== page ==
Memo on Mailing Costs and Equipment Purchases

[Editor’s notes: The transcript of this document retains its original spellings, with corrections noted only where necessary for clarity.]



11-2-77 [November 2, 1977]

To: Jim

Re: Moving Publications

We received the message when Sandy [Bradshaw] got back to include in the Xmas mailer and note saying that after that time all mail will be coming from and going to our Jonestown headquarters. This has raised some questions we would like to get clarification on.

[Handwritten circled “1”] Has consideration been given to using Miami as a mail sending and receiving point?[Eugene] Chaikin told me that theft was a big problem with international mail, and quite a few of our people do send cash. Also there is no reduced rate for non-profit organizations in international postal regulations. It’s going to cost a small fortune to mail form [from] Guyana our regular monthly mailers, at 30¢ per ½ ounce. Figuring 15,000 peices of mail that comes to $4500. We can mail in Miami at our non-profit rate of; $0.021 per piece at 15,000 pieces that comes to $315. Favoring airfreight rates at $.85¢ per lb., and an average week of 800 lbs. of mail, that would make an additional $680.00. We coild arrange a special call service at the Post Office where we could pick up mail twice a month and they would hold it for us until them. BWIA [British West Indies Airlines] lists round trip fares from Miami to Georgetown at $456. There may be something cheaper elsewhere.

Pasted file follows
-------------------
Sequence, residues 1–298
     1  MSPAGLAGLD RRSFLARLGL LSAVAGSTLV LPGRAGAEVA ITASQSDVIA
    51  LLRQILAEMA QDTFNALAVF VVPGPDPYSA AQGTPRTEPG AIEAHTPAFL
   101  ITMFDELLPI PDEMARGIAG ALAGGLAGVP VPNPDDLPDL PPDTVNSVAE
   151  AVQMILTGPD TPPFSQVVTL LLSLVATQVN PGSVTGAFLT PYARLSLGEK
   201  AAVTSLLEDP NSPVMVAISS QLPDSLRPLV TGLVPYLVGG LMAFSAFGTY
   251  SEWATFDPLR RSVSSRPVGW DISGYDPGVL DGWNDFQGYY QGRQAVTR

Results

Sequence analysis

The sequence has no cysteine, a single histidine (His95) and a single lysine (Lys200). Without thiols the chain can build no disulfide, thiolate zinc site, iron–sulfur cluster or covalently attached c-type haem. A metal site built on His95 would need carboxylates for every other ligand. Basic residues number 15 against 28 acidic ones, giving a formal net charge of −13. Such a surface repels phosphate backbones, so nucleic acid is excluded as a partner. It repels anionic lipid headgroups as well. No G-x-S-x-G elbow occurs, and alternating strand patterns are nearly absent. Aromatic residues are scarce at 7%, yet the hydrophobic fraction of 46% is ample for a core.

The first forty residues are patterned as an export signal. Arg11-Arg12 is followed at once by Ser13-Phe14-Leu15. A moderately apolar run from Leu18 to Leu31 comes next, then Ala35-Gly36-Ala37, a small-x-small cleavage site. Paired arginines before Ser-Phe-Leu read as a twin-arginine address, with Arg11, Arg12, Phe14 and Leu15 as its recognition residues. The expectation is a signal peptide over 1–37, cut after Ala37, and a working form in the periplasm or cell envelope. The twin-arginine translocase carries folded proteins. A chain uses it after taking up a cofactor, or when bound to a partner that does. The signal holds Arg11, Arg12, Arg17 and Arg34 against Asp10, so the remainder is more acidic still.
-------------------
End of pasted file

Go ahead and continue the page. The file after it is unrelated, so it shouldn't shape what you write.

Mail at International rates:
(.30¢ per ½ oz. x 15,000 pcs.)
$4500. Postage

Mail at Non-profit Bulk Rate from Miami:
Postage: $315
Frieght: $680
Passenger (2 trips/mo.) Fare: $912

There may be some other complications we haven’t included, such as – how long would overseas delivery take? But it sure looks a lot cheaper to go out of Miami.


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January is a good month in the mail. It would be good to have a mailer to cover that month before we leave. February and March have been typically low months in the mail ever since I’ve been working with it. A logical time to move then would be during that period of time (Jan.-Mar.) after the January mailer had been sent. That would give us 3 months to move and get set up again, and have time to get out a mailer for Easter. That should be enough time if things can be sorted out in Georgetown. That leaves November and December for you to work it out there. Is that feasible? [Handwritten circled “2” in margin]


[Handwritten circled “3” in margin] One of the major questions is whether adequate storage facilities have been arranged for the paper and equipment in Georgetown. There has been little communication about this, so here is some background into [info] on what we need:

1) Humidity-controlled atmosphere